We were poor growing up. There I said it. I qualified for reduced lunch because I was being raised by a single parent who was working three jobs to make ends meet. No child support from my dad. Even then it was only reduced lunch at 20 cents. Was I embarrassed? Sure, but the need to eat won out over the embarrassment. You would think after the “No Kid Hungry” Campaign that things have changed in this country, but no it has not. It broke my heart to read this article the other day on The Huffington Post called “That is the Poor Kids’ Line”.
We are a country of haves and havenots and yet we keep applying the stigma of being poor to everyone. Why? I live in a predominately African American county and the number of children who qualify for free or reduced lunch is 57%. More than half our county children. There are a number of things that can contribute to this number: unemployment, low paying income, number of household residents, etc but does it make it okay to look down at folks? No.
My son doesn’t qualify for free or reduced lunch because his parents make over the threshold to qualify. Do you know how much you have to make? For a family of two you would have to make less than $30,000 a year before taxes. The exact amount is $29, 101 a year for reduced lunch. Guess how much you would have to make in order to qualify for free lunch? A family of two would have to make $11,670 a year. How can you survive on that amount? Is it feasible? Not in this area. The average 2 bedroom apartment in a low income neighborhood is $1,100 a month. That doesn’t include utilities. They charge everything from gas, electric and water nowadays.
Do you have a car to get you back and forth to work and the kids to school? Yep, well deduct your car note and car insurance. No car, public transportation is really expensive in this area. It’s based on distance. What about food? Food prices and gas prices fluctuate, so that can hurt you. What about health insurance? It’s a lot. Here’s a chart to help you get a big view picture.
|Expense||Monthly Amount||Yearly Amount|
|Rent||$ 1,100.00||$ 13,200.00|
|Electric||$ 120.00||$ 1,440.00|
|Gas||$ 20.00||$ 240.00|
|Water||$ 25.00||$ 300.00|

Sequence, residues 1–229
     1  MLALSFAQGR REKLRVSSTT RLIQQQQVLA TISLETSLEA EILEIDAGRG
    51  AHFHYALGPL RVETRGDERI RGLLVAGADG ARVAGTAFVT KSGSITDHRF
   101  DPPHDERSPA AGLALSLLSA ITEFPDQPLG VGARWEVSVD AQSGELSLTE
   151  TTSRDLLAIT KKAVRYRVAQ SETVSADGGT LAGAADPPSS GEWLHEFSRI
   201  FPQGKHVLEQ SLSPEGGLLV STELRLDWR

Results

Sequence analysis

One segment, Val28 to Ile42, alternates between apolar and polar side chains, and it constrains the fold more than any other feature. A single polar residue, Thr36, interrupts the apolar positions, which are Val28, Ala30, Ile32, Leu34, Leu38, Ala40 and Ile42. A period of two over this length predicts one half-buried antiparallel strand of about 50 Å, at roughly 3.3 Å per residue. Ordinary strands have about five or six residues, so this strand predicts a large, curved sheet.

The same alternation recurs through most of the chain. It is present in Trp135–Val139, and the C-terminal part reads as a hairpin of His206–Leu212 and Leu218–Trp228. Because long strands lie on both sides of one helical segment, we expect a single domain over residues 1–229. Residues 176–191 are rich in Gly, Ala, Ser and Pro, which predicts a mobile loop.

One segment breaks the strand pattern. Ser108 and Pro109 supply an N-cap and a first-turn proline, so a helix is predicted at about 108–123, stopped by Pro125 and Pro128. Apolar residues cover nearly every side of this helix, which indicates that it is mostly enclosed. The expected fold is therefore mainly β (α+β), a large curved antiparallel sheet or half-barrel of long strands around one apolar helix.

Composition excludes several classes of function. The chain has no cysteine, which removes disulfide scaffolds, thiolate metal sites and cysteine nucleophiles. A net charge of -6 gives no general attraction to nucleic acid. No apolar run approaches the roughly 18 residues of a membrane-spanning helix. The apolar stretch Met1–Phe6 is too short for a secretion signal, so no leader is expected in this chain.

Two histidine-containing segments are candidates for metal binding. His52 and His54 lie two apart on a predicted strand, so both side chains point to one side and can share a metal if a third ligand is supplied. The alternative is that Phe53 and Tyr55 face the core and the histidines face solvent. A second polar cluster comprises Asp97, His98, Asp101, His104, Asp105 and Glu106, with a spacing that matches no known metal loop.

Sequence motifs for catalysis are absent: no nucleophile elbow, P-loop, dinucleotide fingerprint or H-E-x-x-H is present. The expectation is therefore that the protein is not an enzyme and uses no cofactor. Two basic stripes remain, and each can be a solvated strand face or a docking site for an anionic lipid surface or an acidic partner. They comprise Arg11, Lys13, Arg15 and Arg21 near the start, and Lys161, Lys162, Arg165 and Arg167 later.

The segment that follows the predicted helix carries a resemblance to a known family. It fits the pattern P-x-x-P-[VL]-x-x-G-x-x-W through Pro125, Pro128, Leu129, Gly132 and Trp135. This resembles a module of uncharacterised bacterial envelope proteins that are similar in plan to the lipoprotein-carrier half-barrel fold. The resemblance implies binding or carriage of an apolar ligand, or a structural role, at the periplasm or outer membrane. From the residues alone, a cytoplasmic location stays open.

|Car Insurance||$ 135.00||$ 1,620.00|
|Car Note||$ 258.00||$ 3,096.00|
|Before/After Care||$ 312.00||$ 3,744.00|
|Food||$ 200.00||$ 2,400.00|
|Health Insurance||$ 200.00||$ 2,400.00|
|$ 2,370.00||$ 28,440.00|
|Annual Salary||$ 29,101.00|
|25% Federal Tax||$ 21,825.75|
|Maryland Tax||$ 1,743.04||$50+4%over the excess of $2,000|
|Take Home Before Expenses||$ 20,082.71|
|You need||$ 28,440.00|
|You make||$ 20,082.71|
You see how you are $8,000 short a year? I didn’t include your PG County taxes or the reduced lunch at .30 a day for breakfast and .40 a day for lunch. There are 180 school days for the children so that is an additional $126.00 a school year to feed your child. Relatively cheaper than packing their lunch and feeding them breakfast at home. You’re already short over $8,000 so what about food and childcare during the summer months?
No wonder so many of our children go hungry in this country. We are making it impossible for parents to be able to work, live and provide the basics for their children. You see why my mom worked three jobs to even be able to give us lunch money? When there is more money that month what do you do? Look down on those that can’t afford it?
It’s hard out here and I pray that people will learn to be more compassionate. I don’t qualify for free and reduced lunch and it is expensive as a working parent. If I didn’t cook him a full breakfast each morning and pack his lunch it would cost me $738.00 a school year. Breakfast is $1.50 a day and lunch is $2.60. You see the expense? Thankfully I only have one child. Imagine having more than one.
That is why I’m a champion of the Maryland Meals for Achievement (MMFA) program. This program provides breakfast in every classroom each morning. No one pays to eat, regardless of family income. The only requirement is that Under state law, any school that participates in the federal School Breakfast Program and has at least 40% of its enrollment approved for free or reduced-price meals. I reached out to his Principal this year to see if this is something we can get for Brennan’s school in the Fall of next year because it gets time consuming and expensive to get breakfast on the table, him dressed and out the door in order to drop him at school and fight rush hour traffic to be at work on time. We need more programs like this. We need programs that aim to feed children.
Let’s have an attitude of gratitude and understand that it is a blessing to be able to feed your children, but we should never look down on those that can’t afford. We have to stop stigmatizing those that are less fortunate and see it is an opportunity to invoke change in our school districts and states. Look to see if your state has this program because no child in America should go hungry.